Along with their subsidiaries, they are active in many sectors, including resource extraction, banking, tourism, transport, manufacturing, and telecommunications and dwarf other economic actors in Myanmar. Until 2016, both were subject to US sanctions.
The army also has strong links to several private Myanmar companies through familial or business ties. Its companies are advantaged by their close relationships with Myanmar’s state-owned enterprises (SOEs), which both regulate and hold commercial interests in their respective sectors. They operate without transparency yet effectively determine Myanmar’s political economy.
The international community must impose targeted sanctions against all army-linked and army-owned companies, especially MEHL and MEC. This will serve as an immediate form of accountability for its assault on human rights. By weakening its financial base, it will reduce its capacity to commit further gross violations.
Private companies and international donors must be required to scour their supply chains and sever any ties with military companies. No one should be doing business with the army of Myanmar given its long track record of violations.
The sanctions could also strengthen the position of those still committed to the reforms. The government is already attempting a comprehensive overhaul of the business sector, intended to improve transparency and competitiveness and promote sustainable development.
In order to be successful, these changes must break the domination exerted by the military-allied elite that drove the country into poverty by syphoning money and resources from the state through decades of secret backroom deals. Wrestling the economy from the grip of the army will be a formidable task that the international community can and must support.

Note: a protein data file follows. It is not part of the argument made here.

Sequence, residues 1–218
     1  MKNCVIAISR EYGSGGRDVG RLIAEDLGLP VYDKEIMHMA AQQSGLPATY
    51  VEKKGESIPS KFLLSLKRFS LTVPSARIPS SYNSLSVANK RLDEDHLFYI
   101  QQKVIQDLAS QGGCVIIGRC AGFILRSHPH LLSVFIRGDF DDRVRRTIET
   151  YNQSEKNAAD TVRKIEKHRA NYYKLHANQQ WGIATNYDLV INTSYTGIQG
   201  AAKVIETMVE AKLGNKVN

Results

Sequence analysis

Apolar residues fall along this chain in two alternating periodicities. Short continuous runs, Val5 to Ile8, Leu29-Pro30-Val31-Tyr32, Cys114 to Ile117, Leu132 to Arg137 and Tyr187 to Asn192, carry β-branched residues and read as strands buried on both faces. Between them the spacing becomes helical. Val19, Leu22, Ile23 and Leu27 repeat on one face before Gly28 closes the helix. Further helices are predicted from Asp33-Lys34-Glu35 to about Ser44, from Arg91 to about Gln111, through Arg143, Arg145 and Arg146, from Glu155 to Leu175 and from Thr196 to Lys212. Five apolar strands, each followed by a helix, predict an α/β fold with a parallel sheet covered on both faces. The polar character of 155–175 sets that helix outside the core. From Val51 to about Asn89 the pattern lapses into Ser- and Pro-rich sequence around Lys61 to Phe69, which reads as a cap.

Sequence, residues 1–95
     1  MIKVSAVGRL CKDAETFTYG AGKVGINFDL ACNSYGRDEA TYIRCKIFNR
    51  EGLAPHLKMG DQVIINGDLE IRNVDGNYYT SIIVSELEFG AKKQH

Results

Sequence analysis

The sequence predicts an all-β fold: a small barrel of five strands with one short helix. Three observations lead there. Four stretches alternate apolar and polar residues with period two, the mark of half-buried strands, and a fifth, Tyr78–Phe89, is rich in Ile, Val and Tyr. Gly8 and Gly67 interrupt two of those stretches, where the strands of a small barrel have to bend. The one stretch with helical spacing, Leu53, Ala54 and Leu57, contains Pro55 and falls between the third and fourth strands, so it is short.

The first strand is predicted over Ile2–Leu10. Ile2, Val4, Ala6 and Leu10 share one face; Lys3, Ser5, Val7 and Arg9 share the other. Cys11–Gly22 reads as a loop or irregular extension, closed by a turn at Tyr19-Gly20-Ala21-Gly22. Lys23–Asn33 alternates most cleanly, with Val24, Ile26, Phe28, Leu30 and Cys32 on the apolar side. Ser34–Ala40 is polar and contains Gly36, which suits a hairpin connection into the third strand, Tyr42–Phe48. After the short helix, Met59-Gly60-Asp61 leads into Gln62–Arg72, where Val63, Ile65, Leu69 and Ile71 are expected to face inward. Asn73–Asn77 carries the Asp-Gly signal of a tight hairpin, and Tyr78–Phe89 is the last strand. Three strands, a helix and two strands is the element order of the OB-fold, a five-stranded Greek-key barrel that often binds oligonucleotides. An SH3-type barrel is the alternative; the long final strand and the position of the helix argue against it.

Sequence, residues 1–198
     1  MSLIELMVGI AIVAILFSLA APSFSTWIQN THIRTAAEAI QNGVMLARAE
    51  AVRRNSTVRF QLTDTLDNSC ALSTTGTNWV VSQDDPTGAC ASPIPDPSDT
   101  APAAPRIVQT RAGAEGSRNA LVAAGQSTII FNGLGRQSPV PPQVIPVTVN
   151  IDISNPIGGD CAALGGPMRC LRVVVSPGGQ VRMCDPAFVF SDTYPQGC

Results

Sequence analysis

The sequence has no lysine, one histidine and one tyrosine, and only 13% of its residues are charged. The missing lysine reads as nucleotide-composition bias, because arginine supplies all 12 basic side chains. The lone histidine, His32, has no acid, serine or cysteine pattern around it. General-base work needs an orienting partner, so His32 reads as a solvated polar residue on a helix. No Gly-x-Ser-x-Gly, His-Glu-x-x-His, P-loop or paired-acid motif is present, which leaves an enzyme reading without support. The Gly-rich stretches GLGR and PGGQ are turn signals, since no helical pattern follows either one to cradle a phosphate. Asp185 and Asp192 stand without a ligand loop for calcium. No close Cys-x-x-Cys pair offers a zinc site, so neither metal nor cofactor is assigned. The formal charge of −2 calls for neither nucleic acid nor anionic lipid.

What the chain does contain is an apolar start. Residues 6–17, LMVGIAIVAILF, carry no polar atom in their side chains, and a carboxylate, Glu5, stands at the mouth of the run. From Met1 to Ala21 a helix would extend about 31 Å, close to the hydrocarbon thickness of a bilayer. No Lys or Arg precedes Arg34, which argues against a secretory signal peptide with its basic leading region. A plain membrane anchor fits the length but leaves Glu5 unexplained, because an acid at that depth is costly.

To do this, sanctions must go hand in hand with a concerted effort to divert investment to, and build the capacity of non-military economic actors. The international community must continue to advocate and provide support for transparency in the economy to aid this process. Myanmar’s reporting obligations under the Extractive Industry Transparency Initiative and the International Covenant on Economic, Social and Cultural Rights provide important opportunities.
Transparency is particularly important when it comes to the SOEs. In 2012, Aung San Suu Kyi urged foreign companies not to enter into joint ventures with one of the most powerful SOEs, Myanmar Oil and Gas Enterprise (MOGE), owing to its lack of transparency and accountability.
This call was not heeded and with the lifting of economic sanctions, foreign investment in the oil and gas sector rushed in, with MOGE a shareholder in all foreign operated fields. Much of this investment activity is centred off the coast of now war-torn Rakhine state.
MOGE remains one of the opaquest economic actors in Myanmar, and yet another round of bidding for offshore oil and gas blocks is expected soon. Without further reforms, this could cement the army’s finances for decades.
Finally, it is critical that economic reforms recognise and respect rights to land use and resource governance of ethnic minorities. The government will not be able to regain dwindling public confidence in its commitment to peace, equality and federal democracy unless it takes measures to secure these rights.
The change that so many hope to see in Myanmar will not come to fruition while the army retains its current dominance. Unchecked trade and investment with military companies will only further inflate its power which it is successfully wielding to obstruct democracy and commit atrocities against the people of Myanmar.
By imposing targeted sanctions and economically isolating the military, the international community has an opportunity to influence Myanmar’s downward trajectory. Now, more than ever, it is time to act.